I grieve for the young soldier in Stalingrad. I grieve that he did not find God amid the abyss of that horror. I grieve for his father, the pastor, who could not finally shape the religious experience of his son. If the apostle Paul is right when he tells the Corinthians: “now we see in mirror dimly, but then face to face. Now I know in part, then I shall understand fully, even as I have been fully understood,” then despite the young soldier’s protest to the contrary, I suspect God was anything but absent in Stalingrad. God was there with this dying child and with all God’s dying children. God wept at the carnage and at the killing of this child’s faith.
“Prove it, pastor!” you say. I wish I could. I wish I could prove beyond a shadow of a doubt that God was there in the stench of that foxhole in Stalingrad. Even more, I wish I could prove that God is there to my son and my daughter, to your sons and your daughters.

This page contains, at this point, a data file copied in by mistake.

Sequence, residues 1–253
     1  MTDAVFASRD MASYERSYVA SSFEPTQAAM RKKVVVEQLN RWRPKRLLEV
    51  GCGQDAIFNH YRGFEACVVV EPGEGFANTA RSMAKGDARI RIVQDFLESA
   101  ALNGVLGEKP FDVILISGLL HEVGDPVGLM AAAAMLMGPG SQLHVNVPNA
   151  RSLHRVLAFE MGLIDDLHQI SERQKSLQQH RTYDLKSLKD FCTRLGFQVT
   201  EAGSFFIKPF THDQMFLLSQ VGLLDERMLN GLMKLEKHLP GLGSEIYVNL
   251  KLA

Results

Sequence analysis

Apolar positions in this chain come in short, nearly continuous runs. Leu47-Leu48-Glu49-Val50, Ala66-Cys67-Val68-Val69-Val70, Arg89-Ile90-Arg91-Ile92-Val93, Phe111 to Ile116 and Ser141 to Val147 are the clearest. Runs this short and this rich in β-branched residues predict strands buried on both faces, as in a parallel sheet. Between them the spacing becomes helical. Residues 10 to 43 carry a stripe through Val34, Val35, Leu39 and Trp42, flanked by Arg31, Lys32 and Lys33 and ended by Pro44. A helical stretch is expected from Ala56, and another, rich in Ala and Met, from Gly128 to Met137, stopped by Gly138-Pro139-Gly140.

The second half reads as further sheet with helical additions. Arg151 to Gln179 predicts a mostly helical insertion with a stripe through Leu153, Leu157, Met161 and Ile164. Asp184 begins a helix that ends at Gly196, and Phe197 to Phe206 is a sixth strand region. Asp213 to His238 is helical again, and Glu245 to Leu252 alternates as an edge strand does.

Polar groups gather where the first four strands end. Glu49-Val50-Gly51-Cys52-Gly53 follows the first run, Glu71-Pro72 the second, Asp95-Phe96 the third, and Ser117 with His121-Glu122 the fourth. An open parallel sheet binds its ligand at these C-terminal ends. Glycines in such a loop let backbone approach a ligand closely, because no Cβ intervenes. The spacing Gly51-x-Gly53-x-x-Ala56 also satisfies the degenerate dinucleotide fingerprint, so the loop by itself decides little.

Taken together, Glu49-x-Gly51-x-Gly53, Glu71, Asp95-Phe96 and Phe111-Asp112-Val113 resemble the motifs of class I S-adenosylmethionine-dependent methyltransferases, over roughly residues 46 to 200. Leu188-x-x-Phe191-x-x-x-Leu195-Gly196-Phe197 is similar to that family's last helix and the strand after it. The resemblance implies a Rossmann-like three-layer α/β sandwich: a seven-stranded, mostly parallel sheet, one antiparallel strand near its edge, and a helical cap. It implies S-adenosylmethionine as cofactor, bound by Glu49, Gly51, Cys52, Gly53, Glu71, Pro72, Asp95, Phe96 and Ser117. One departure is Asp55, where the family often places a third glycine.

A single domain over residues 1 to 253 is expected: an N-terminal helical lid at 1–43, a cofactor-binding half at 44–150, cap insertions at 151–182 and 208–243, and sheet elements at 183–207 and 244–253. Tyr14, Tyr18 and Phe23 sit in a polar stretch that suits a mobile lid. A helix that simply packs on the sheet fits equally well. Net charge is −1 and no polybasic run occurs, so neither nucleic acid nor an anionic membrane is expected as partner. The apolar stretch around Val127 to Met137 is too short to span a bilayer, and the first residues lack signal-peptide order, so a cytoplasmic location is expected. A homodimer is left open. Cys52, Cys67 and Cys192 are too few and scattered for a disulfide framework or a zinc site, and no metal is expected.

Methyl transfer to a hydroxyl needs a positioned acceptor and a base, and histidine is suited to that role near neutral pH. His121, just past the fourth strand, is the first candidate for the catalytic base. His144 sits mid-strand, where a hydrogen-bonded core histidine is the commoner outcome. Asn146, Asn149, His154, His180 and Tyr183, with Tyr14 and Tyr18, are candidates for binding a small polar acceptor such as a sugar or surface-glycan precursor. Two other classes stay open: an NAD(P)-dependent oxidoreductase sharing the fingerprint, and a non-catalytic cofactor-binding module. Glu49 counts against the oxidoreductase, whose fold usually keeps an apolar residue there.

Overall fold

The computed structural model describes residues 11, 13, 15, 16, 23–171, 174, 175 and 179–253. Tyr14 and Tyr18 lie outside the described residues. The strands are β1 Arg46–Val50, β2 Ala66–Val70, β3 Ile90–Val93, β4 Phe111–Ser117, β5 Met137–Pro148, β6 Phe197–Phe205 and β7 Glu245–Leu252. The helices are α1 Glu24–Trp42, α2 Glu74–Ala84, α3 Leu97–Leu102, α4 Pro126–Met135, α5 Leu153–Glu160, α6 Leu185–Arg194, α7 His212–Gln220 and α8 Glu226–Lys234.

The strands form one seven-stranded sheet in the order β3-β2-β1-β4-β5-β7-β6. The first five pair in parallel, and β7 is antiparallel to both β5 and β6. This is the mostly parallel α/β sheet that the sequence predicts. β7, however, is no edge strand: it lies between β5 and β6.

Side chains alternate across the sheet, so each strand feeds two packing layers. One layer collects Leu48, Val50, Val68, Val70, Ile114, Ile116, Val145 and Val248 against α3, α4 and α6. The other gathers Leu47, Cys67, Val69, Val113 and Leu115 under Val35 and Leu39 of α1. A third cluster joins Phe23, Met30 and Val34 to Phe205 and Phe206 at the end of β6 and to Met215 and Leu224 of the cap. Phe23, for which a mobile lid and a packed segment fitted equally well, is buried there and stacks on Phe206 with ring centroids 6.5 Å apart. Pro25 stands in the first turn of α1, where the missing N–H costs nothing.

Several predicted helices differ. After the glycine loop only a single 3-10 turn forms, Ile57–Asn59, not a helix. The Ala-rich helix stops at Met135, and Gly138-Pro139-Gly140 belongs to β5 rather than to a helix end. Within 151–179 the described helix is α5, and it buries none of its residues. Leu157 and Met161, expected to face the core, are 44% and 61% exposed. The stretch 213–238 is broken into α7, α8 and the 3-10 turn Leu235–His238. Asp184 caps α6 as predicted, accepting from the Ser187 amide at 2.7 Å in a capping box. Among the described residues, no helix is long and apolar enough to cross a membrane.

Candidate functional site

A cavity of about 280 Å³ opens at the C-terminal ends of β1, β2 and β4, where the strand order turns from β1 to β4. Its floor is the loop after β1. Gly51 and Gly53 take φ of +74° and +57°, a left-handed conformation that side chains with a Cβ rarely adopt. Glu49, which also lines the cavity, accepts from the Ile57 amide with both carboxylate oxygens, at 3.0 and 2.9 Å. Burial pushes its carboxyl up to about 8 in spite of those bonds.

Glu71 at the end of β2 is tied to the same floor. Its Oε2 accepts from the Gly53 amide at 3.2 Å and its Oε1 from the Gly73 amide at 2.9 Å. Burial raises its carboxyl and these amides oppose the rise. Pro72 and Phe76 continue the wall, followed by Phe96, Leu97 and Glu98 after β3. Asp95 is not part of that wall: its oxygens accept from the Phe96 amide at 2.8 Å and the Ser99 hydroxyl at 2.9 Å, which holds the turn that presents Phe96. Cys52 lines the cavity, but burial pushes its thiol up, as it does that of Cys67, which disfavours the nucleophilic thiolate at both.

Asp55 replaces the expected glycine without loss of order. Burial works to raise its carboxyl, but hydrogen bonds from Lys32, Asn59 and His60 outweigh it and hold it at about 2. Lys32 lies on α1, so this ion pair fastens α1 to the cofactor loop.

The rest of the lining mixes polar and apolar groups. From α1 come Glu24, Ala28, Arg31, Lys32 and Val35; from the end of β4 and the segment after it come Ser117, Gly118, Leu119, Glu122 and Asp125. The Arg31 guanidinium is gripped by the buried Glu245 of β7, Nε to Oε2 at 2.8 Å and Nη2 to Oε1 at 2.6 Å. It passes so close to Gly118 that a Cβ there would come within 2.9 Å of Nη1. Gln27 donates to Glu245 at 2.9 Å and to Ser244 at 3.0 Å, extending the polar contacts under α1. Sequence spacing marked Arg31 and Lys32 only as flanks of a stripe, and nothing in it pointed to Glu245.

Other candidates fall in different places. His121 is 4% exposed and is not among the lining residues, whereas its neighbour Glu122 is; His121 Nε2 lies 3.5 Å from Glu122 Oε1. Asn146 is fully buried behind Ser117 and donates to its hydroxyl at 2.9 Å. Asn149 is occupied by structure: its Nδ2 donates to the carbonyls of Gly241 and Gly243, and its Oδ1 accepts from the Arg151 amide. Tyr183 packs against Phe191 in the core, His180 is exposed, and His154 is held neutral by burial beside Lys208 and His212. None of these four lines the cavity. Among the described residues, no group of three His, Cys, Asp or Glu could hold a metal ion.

What then do you and I say to those today who are bereft of faith or are stuck in the foxhole of doubt and unbelief? What do you and I say to the vast majority of our neighbors, co-workers, fellow students and family members who do not see God anywhere they look? One choice is to shake our heads and sigh in pity for those poor souls outside the privileged circle of the faith. A more honest, a more compassionate choice is to admit the fragility of our own faith, to admit that we all look into the same, dim mirror, wishing God would be more visible, more apparent, praying for the day when God will give all God’s children the eyes to see God’s loving presence without impediment.
So, would you pray with me for the young soldier in Stalingrad and for any and all who are broken and bereft of faith today. Pray with me for God to grant a faith that will sustain them and sustain us.